Stable symbols in italics
I could not get this to work. No highlighting or italicizing of the symbols.

Highlight braces {} & []
This feature is already available in Visual Studio 2008. Also, the Visual Assist X configuration for the highlight did not work. I wanted red and magenta but the settings never took effect.

Column indicator
This feature was available in Visual Studio 2005 but you had to hack the registry. With Visual Assist X you don’t have to hack the registry.

Highlight current line
I could not get this to work.

Highlight find results
This works and could be useful if you have a lot of results on a code page. When you hit the Find button the first time, all other matches on the code page will be highlighted too.

Write Code Faster

There are more worthwhile features in the section the others.

Acronyms
If you have a method called ‘ThisIsATestMethod()’, you can type in ‘tiatm’ and Visual Assist X will suggest that you are wanting the ‘ThisIsATestMethod()’. I tried to trick it by making the method name all lower case and it still suggested the correct method. It’s useful if you have long method but I can only see this being useful under specific circumstances.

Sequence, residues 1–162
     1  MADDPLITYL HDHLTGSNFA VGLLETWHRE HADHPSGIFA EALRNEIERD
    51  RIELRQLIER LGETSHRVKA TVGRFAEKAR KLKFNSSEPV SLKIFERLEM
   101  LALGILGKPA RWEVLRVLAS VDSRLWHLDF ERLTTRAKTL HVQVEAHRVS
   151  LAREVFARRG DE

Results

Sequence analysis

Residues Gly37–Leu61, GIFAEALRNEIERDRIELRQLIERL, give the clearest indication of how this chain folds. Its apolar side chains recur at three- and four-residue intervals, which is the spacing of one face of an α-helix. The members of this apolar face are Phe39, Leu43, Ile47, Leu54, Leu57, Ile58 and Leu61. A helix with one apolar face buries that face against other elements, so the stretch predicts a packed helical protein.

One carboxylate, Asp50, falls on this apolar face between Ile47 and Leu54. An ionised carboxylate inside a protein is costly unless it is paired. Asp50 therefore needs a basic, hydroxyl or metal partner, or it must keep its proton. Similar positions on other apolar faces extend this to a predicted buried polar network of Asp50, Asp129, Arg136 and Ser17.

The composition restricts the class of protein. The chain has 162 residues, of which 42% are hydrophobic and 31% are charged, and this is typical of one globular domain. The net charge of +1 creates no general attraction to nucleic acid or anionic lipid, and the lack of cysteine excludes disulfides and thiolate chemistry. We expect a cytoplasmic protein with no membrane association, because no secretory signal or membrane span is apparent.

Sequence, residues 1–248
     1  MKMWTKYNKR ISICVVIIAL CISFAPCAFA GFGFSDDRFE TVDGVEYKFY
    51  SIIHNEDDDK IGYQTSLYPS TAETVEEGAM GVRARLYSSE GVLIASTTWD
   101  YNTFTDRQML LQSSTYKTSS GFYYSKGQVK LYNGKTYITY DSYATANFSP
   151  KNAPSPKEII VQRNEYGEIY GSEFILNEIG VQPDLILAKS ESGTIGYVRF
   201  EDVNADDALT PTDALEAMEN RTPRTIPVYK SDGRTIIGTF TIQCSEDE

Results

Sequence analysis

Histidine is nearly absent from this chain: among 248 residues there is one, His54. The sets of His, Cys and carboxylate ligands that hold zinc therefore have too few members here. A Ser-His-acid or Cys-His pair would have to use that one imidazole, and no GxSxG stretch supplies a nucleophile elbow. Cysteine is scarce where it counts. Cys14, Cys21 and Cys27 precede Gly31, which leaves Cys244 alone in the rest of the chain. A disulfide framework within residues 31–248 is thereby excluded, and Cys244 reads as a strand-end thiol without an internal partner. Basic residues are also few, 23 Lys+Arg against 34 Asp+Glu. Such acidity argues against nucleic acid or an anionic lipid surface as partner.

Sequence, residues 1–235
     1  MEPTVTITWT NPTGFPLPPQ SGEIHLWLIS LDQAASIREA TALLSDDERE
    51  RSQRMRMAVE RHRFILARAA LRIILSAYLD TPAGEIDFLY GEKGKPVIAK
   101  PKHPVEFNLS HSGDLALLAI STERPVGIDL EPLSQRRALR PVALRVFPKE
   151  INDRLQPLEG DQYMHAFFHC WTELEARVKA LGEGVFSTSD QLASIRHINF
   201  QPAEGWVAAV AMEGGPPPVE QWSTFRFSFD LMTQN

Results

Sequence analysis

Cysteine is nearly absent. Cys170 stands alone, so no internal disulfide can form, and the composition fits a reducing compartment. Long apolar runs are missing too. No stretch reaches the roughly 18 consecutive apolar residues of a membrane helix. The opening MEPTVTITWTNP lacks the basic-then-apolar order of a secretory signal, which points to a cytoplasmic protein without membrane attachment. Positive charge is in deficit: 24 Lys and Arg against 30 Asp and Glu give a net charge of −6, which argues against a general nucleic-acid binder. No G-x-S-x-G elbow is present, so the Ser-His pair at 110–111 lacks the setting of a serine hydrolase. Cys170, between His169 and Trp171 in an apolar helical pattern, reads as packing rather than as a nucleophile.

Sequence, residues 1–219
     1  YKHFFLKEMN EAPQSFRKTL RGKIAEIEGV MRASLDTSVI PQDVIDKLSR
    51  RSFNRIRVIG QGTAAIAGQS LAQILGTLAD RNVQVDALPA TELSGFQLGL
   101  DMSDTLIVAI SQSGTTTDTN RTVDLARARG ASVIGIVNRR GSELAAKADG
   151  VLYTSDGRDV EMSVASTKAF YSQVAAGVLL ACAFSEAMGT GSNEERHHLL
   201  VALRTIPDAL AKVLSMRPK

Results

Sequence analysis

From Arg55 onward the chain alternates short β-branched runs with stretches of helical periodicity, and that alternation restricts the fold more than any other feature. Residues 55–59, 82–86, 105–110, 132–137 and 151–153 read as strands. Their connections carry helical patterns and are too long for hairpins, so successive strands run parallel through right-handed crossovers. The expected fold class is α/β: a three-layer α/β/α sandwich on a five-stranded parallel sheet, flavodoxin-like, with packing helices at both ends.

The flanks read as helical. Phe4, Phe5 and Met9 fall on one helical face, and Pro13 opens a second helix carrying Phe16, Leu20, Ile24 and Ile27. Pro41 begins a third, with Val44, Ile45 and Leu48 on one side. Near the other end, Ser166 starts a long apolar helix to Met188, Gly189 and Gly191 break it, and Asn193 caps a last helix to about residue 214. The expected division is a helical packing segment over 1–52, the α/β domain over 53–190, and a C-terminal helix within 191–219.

Shorthand
This feature is nice to have in Visual Studio 2008 and earlier (it’s already available in Visual Studio 2010 though). Normal intellisense uses ‘Starts with’ searches. Shorthand will use ‘Contains’ searches in order to display the intellisense results.

Surround selection
This feature allows you to surround a block of code with comments or directives. This feature is already implemented in Visual Studio in many different and enhanced ways.

VA Snippets